For now lets assume there is no out of band communication to the device. How can we recover from router configuration mistakes? A common network administration practice is to save the known good configuration to the device’s flash memory and then schedule the device to reboot after some short time interval; usually this time period would be five minutes or less. At this point changes can be made. If the changes are successful the scheduled reboot can be canceled. If the changes were not successful the scheduled reboot will bring the network back to a functional state but will result in a temporary loss of service. This method gives network administrators a crude form of temporal redundancy. It is possible that spatial redundancy (having multiple links and routers serve each customer) will hide the fact that the router was temporarily out of service. However, spatial redundancy can often be prohibitively expensive in the network world. Good routers and bridges are not cheap and neither is burying new fibre.

So what can the router vendors do to cope with human errors?

One possibility is the addition of a low level administrative interface that operates at the link layer between routers. Such an interface allows communication with the effected node from an adjacent node as long as the link layer is still operational. I have seen this feature on some business class DSL shelves and modems. Though useful in many situations, a link layer administrative interface does not allow the administrator to recover from changes that negatively effect link layer connectivity. In reality, this is just another form of out of band access anyway.

Even when out of band access methods exist, human intervention is still necessary for the system to recover. Something more automatic is required.

One possibility is leaving the CLI world and using some form of administrative client program. This would allow for a more human error tolerant communication channel between the administrator and the router. For example the router could respond to every command with a ‘command completed’ message sent to the client. The client would then acknowledge this message. If the router does not receive this acknowledgment in a set amount of time the change is then automatically reversed restoring connectivity between the administrator and the router. I know of no system that implements this idea but I wouldn’t be surprised if it has been implemented somewhere.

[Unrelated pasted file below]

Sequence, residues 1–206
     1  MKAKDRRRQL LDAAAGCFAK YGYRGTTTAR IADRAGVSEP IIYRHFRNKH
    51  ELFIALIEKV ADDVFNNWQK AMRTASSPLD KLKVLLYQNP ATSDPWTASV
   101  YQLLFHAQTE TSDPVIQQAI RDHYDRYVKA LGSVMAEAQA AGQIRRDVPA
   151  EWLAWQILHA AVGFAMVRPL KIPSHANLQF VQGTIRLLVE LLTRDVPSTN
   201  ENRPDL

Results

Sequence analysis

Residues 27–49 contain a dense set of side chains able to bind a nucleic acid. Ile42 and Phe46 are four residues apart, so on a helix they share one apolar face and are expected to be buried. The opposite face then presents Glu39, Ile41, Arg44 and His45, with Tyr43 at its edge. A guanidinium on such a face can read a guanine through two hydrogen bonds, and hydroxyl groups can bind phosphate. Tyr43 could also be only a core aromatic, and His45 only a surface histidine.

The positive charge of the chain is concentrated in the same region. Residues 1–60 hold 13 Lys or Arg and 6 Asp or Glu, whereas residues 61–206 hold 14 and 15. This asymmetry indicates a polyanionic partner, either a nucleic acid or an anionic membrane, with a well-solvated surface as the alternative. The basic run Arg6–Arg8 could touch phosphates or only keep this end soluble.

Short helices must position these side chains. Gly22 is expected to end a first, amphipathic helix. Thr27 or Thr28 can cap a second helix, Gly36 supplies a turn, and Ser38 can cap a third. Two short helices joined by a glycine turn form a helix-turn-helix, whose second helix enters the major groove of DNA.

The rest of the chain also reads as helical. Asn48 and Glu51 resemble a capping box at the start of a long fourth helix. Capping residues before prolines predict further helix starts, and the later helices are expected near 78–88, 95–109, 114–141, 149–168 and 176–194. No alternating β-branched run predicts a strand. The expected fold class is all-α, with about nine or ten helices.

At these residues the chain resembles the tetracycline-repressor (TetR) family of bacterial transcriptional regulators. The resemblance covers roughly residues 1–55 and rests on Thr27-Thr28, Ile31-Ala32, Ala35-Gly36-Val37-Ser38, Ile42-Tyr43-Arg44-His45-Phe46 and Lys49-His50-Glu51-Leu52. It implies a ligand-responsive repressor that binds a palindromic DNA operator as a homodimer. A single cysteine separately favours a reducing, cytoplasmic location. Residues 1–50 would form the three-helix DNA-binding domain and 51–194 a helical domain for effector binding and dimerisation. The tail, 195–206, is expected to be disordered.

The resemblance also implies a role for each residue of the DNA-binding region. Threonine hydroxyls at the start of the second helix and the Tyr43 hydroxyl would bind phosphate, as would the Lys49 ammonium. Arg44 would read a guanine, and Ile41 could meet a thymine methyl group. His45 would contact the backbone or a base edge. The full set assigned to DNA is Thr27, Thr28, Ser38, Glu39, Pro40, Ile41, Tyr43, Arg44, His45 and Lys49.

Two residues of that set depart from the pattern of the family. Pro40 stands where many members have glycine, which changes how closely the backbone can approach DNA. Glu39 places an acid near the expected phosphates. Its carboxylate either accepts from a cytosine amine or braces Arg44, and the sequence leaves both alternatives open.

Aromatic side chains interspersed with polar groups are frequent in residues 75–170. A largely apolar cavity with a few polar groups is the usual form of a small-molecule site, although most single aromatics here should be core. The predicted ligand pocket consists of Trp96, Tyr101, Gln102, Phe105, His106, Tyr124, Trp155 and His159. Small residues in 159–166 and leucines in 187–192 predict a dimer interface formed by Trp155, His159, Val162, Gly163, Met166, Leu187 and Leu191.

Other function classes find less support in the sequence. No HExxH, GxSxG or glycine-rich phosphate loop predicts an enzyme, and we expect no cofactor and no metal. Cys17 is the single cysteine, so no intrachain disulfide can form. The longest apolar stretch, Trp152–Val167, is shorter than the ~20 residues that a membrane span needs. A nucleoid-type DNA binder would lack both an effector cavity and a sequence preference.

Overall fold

Another option is to have the router take a snapshot of current network traffic and other operational statistics immediately before a command is executed. If these operational statistics change negatively after a configuration change has been applied the router could automatically undo the change. The biggest problem with this approach is defining exactly what would constitute a negative effect.

Both of the above solutions have some merit but the solution I am most fond of is adding a feature that simply allows all changes to be reversed after a set amount of time. This is very similar to the scheduled reboot approach that was discussed earlier. The advantage of automatically reversing the change is that it would not have all of the negative effects of a complete system restart. Most modern, high-end network equipment has the ability to function as both a router and a bridge. This allows the same physical interfaces that carry routed layer three packets to also be carrying VLANs (layer two bridging). In many situations, configuration changes can effect the ability of the device to route packets but not effect the forwarding of layer two packets. The most common example of this is making a typo when entering the IP address during a device re-addressing. The scheduled reboot feature will allow for recovery in this situation but it also means that the forwarding of the VLAN traffic stops. If it were possible to schedule a short interval after which the router undoes any changes that have been applied, the interruption of layer two forwarding could be avoided. I expect this feature would be more difficult to implement reliably that it at first appears. Many commands could be issued after the undo has been scheduled. Not all of them can be undone in the opposite order from which they were applied. Some kind of command dependency data may be required to compute a safe set of commands to return the device to the previous state. In situations where no safe undo commands could be calculated the router could simply fall back on rebooting. Perhaps this feature has been implemented in a router model that I have not yet had the opportunity to manage.

Like the rest of the IT world it appears that router vendors have a long way to go before their products can cope with human errors automatically.